Campaigners hail ‘historic breakthrough’ on revised EU biomass rules

Bio power plant with storage of wooden fuel [nostal6ie / Shutterstock]

Environmental groups claimed victory earlier this week after the European Parliament’s environment committee voted on new rules clarifying what can be counted as “sustainable biomass” under the revised renewable energy directive. Others were more cautious though, saying the battle is far from over.

“This vote is a historic breakthrough,” said Martin Pigeon, a campaigner at Fern, an environmental NGO dedicated to protecting forests and the rights of people who depend on them.

“For the first time, a major EU regulatory body makes clear that one of the EU’s most climate-wrecking policies of the last decade, incentivising the burning of forests in the name of renewable energy, has to stop.”

On Tuesday (17 May), the Parliament’s environment committee voted on two pieces of EU legislation: the renewable energy directive and the regulation on land use, land use change and forestry (LULUCF).

Their amendments include a new definition for primary woody biomass under the renewable energy directive. Apart from certain exemptions, woody biomass would no longer be considered as renewable energy and would therefore no longer be eligible for incentives meant to promote renewables.

Forestry NGO Fern hailed the vote as a major victory.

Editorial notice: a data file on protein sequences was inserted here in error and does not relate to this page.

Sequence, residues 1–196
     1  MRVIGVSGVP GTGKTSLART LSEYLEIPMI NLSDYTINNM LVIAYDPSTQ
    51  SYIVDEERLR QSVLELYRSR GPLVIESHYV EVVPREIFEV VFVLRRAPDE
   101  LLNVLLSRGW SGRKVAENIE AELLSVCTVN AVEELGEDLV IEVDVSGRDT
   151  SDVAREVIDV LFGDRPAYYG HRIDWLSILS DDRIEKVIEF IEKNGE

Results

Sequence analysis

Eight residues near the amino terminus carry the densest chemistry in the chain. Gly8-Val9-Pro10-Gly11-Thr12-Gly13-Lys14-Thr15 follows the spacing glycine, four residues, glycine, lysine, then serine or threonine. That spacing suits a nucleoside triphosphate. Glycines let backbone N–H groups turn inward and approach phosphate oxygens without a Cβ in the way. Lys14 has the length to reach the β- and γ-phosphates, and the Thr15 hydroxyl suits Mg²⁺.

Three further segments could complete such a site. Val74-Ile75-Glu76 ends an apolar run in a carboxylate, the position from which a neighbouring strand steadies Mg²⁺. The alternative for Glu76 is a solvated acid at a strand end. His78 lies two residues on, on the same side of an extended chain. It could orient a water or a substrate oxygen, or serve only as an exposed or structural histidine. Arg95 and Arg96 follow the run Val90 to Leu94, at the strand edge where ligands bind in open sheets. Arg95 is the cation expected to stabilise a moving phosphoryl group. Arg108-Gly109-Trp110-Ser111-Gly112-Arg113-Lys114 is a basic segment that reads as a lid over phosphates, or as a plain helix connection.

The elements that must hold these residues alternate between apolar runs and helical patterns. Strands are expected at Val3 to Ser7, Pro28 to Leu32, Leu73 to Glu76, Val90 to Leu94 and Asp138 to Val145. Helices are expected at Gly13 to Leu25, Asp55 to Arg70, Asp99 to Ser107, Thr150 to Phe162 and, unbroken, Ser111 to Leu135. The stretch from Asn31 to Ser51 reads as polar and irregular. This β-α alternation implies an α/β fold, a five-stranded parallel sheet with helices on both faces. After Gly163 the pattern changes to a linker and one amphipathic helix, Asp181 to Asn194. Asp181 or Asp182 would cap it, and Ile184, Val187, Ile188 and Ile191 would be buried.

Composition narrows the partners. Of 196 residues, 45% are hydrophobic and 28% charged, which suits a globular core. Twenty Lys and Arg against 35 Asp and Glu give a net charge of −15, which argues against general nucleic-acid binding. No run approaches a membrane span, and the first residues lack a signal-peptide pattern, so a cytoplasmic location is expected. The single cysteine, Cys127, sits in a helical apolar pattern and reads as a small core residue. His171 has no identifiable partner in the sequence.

“The European Parliament’s Environment Committee opinion is crystal-clear: primary woody biomass – essentially unprocessed wood – should no longer count towards Member States’ renewable energy targets, or be eligible to RED incentives,” Pigeon said. “This means no more direct public financial support, no more CO2 emissions from burning it counted as zero, and no more access to new ‘green’ finance under the EU Taxonomy.”

Other campaigners were ecstatic as well. “It’s hard to find a fuel dirtier than coal, but the biomass industry has done it. We’re glad Europe is starting to recognise just how dirty this fuel is,” said Amanda Hurowitz, from Mighty Earth, a US-based environmental group.

According to data published by the Intergovernmental Panel on Climate Change (IPCC), the CO2 content of wood per unit of energy is much higher than gas and more comparable to coal.

But not all environmentalists were thrilled by the Parliament’s vote. Secondary woody biomass, such as sawdust, black liquor, and post-consumer wood waste, would still count as renewable under the draft rules voted in Parliament on Tuesday.

“We are afraid that this half-step will be celebrated as some sort of victory, when in reality more than half of the biomass burned will, under this proposal, still receive subsidies and still not be included in the emissions statistics,” said Lina Burnelius, project leader at ‘Protect the Forest Sweden’.

Crucially, it remains to be seen whether the whole European Parliament or EU member states will support the position voted in the environment committee. Both will need to agree a common text before the proposal can be adopted into law.

“The bioenergy industry has grown largely thanks to these incentives and will fight furiously against this ceiling on its supply. Moreover, it can sadly count on the support of some allied EU governments, such as the current ones of Sweden, Finland or Austria,” said Pigeon.

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Pushback from the industry

Biomass has become increasingly controversial in recent years. Nordic countries heavily rely on it to reach their renewable targets and some argue it could help Europe in cutting its reliance on Russian fossil fuel imports.

In April, for instance, Germany tabled its so-called ‘Easter Package’, promoting the use of biomass to meet peak energy demand.